Author: Francisco X. Stork
Marcelo Sandoval is a 17-year-old young man with an unspecific cognitive disorder similar to Asperger’s Syndrome. His father makes him take a summer job in his law firm’s mailroom. If Marcelo succeeds, he can finish his last year of high school at the private school he has attended. If he does not succeed, Marcelo has to go to public school for his last year. As he learns to navigate the social minefield of the “real world,” he finds himself in the middle of a legal drama, faced with tough and sometimes dangerous choices.
Overall, I enjoyed this book a great deal. Stork’s prose is spare, but impressively tight. He conveys complex emotion and vivid imagery without a lot of bloat. The plot is well constructed and moves along at a pace that holds the reader’s attention. The characters are mostly well done, although this is where my main issue originates.
My one problem with the book comes down to characters. Marcelo has a unique and engaging voice. Stork, by refusing to commit to the Asperger’s or any other diagnosis for the character, cheats a little so that Marcelo can behave inconsistently at times. At the end of the day, I was able to live with that inconsistency and chalk it up to his character growing in fits and starts.
The character of Arturo was another story for me. I found myself hating Marcelo’s father and not being able to believe him. He is an ivy-league trained, high-powered lawyer, but he makes moronic decisions and forces them on his son. It is one thing to challenge your child, but I have a hard time buying that a parent would intentionally put his son into demeaning and potentially dangerous situations without warning or preparation. Moreover, there doesn’t seem to be a good reason for some of Arturo’s behavior. On Marcelo’s first day of work, he is ready, but Arturo refuses to leave until the last possible minute forcing them to have to rush for their train. Now, this could have been Arturo’s way of desensitizing Marcelo to the possibility of not being able to always leave on time. Sometimes you are rushed. But why wouldn’t he just explain that to him? What is the point of trying to teach a lesson if it’s just going to hang there between them? Arturo struck me as someone smarter and more conscientious than that. I found his behavior toward Marcelo to be extreme, mean and contrived most of the times he appeared in the story. With more development, I may have found him less offensive. Perhaps Stork meant for him to be offensive.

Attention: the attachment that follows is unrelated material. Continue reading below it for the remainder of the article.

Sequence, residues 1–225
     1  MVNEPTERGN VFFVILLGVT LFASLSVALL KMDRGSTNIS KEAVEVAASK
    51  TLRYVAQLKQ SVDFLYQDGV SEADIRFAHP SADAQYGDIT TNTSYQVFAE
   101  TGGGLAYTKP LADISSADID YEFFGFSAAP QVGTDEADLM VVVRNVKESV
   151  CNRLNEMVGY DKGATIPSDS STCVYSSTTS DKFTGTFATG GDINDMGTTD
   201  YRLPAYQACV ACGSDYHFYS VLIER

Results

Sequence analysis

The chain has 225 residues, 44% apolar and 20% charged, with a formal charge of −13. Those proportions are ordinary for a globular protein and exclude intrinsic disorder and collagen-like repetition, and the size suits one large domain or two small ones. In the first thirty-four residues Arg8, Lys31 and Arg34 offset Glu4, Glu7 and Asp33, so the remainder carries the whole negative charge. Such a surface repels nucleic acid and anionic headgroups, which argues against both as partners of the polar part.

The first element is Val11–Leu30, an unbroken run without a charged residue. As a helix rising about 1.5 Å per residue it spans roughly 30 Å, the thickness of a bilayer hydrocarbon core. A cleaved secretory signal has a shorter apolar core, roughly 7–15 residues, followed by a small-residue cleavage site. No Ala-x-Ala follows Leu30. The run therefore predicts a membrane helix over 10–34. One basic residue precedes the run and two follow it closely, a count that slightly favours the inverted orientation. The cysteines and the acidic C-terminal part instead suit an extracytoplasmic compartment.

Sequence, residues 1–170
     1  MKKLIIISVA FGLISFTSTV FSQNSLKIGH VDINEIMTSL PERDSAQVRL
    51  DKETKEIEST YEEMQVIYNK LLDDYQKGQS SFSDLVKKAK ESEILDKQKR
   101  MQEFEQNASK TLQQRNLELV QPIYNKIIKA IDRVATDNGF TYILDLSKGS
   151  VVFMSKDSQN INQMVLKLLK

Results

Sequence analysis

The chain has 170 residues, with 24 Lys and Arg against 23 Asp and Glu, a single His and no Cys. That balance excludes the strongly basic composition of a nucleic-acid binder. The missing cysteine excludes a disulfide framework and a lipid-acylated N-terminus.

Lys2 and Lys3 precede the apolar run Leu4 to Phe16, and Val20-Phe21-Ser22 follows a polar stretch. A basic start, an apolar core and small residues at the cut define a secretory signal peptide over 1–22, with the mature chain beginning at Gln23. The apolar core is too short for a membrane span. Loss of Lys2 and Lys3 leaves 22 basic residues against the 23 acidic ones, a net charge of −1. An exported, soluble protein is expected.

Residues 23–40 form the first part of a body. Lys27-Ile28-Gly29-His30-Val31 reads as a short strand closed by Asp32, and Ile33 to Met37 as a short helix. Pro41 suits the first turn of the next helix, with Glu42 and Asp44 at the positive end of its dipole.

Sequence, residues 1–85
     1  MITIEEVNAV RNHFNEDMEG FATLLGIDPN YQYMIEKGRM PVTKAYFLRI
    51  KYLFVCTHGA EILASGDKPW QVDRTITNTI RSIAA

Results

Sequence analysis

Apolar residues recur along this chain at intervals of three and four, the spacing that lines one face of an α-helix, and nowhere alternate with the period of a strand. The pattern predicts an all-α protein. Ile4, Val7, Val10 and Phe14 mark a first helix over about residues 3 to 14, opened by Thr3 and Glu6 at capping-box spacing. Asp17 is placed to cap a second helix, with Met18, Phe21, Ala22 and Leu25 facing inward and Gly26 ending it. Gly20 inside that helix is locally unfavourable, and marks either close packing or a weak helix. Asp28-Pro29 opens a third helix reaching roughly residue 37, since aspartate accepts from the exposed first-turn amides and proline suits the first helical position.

Despite all that, Stork really pushed my buttons, which is what successful writing does. I’d rate this story lower if I hadn’t felt anything reading it. Granted, I wasn’t reading through a remotely objective lens. Even though I found the story painful to read at times, and I had a hard time not seeing my own son’s face when I pictured Marcelo, I was glad to have had the experience. Marcelo in the Real World certainly evokes questions, some of which I am still trying to answer for myself.
3/5 – recommended